So China has set up time limits for MMOs. I think this is actually the final implementation of the plan they announced previously, but whatever. People’s Daily Online reports that under-18 players will only be allowed to play for 3 hours a day at full XP rates, with declining XP gain thereafter until at 5 hours there’s no advancement at all. After five hours, you’ll get spam warnings every quarter hour telling you to go log off because it’s unhealthy for you to keep playing. And games not compliant by July 16th will simply be shut down.
In order to enforce this, they are requiring underage players to register with real names and identity card numbers. And this is where the real rub is: the issue of anonymity, rather than the issue of time spent.
To me, this echoes to some degree the issues raised in the recent Tim O’Reilly article calling for a blogger code of conduct, which has been criticized for its reliance on, effectively, open identity practices. As Cory Doctorow said on BoingBoing today,
I was very uncomfortable with Tim’s draft, as it seemed to preclude real anonymity and invite censorship.
The tension between the wild frontier sorts of Netizens, who tend to rely on self-policed environments, and the forces of “law and order” so to speak, continues to grow. A fair amount of the conflict within SL over casinos, for example, is driven by tensions between different ideological approaches — one group says that ageplay or casinos, or whatever, harms no one, so why not permit it; another says it’s illegal or at least immoral, and wants it shut down. There are those who wish real life IP enforcement, and those who don’t. Those who want total accountability for actions and those who don’t. And of course, accountability is largely tied to real-life identity.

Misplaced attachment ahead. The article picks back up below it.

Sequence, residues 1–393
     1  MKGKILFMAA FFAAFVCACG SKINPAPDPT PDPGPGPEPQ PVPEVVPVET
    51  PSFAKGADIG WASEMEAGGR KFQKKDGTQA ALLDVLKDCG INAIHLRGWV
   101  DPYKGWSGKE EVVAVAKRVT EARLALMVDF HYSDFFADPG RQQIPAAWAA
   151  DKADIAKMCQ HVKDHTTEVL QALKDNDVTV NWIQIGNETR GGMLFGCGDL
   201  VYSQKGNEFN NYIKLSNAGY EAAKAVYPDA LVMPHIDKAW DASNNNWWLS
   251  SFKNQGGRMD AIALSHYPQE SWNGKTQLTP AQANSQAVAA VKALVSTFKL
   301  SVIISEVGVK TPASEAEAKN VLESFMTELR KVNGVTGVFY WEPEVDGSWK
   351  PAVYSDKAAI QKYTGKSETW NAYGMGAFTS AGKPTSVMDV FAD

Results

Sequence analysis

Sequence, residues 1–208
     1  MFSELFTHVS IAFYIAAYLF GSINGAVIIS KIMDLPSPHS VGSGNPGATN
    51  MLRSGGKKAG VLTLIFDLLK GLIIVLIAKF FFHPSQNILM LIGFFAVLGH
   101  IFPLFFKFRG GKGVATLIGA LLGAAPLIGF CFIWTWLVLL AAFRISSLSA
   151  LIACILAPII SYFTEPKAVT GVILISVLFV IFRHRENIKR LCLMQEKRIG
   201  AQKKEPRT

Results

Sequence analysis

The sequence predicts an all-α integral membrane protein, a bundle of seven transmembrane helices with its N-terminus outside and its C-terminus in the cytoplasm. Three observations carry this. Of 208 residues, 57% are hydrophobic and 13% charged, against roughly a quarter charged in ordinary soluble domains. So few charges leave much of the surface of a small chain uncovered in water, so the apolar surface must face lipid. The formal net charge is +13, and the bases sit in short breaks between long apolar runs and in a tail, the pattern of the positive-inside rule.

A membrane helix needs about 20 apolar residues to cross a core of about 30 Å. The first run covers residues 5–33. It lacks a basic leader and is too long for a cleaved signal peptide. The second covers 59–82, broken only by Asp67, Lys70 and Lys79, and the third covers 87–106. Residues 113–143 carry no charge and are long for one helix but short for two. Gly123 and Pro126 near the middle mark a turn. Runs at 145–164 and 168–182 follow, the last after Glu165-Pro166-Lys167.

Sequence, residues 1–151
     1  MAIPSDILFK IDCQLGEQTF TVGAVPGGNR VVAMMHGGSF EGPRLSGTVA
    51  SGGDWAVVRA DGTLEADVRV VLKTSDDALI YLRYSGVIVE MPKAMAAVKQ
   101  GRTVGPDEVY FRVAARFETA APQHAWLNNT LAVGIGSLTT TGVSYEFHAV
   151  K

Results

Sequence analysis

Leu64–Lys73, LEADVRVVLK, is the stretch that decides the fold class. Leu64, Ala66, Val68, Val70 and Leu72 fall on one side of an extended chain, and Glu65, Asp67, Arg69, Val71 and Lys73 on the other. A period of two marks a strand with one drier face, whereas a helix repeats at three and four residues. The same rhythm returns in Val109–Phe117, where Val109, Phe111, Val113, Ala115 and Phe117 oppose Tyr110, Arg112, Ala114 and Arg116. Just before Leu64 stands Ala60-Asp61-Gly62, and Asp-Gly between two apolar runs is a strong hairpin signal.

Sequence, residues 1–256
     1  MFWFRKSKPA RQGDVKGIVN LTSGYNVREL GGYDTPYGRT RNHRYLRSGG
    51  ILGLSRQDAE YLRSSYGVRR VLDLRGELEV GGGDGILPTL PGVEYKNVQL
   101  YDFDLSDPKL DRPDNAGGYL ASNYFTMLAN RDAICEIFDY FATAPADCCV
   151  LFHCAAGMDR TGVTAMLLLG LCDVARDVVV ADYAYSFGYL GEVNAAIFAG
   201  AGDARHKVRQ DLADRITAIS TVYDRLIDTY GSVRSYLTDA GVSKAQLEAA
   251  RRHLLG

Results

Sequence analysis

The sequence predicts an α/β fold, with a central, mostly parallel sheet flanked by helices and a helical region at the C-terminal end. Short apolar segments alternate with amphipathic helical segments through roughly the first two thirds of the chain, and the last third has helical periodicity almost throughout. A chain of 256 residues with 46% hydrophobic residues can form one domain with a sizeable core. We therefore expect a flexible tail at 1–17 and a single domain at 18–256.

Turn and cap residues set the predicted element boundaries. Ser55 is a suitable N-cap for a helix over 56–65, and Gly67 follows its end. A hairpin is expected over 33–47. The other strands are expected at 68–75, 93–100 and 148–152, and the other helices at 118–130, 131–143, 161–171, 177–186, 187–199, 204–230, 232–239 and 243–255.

There has been a lot of “virtual world exceptionalism” over the years, arguing that these spaces are special in a variety of ways. Among those unique characteristics are the fact that the power of pseudonymity permits a much wider array of behaviors and perhaps self-discovery than we might get otherwise (much of the premise of Bartle’s Designing Virtual Worlds rests on the notion that people explore aspects of self, for example). Another factor is the oft-cited point that as many of these worlds are games, there’s a wide array of notably antisocial activities that go on in them that are perfectly acceptable within the game construct — some have suggested, for example, that the avatar rights document is flawed becaus eit does not take into account the notion of psychological experimentation on users.
One of the commonest counters to this argument is the idea that the worlds reside on servers, and the servers reside in a jurisdiction, and therefore whatever the laws of the jurisdiction are, so go the rules of the environment. While one can easily foresee a time when figuring out what server a world resides on is hard-to-impossible, thanks to distributed world networks, for the meantime this is a reasonable approach. And this means that any exceptionalism must actually be carved out of prevailing law and practices, via advocacy and policymaking.
None of this matters much in China, needless to say, where the government is already firmly on the paternalistic side. But the fact is that the more we vigorously defend libertine behavior as exemplars of the sorts of freedoms we want in virtual spaces, the less likely we are to get said freedoms in today’s climate. It’s a lot harder to make the case for freedom of expression and anonymity in the wake of its use for death threats, it’s a lot harder to make the case of freedom to create unregulated virtual currencies when they are used for gambling, and it’s a lot harder to argue for unverified identities when it’s used to simulate pedophilia.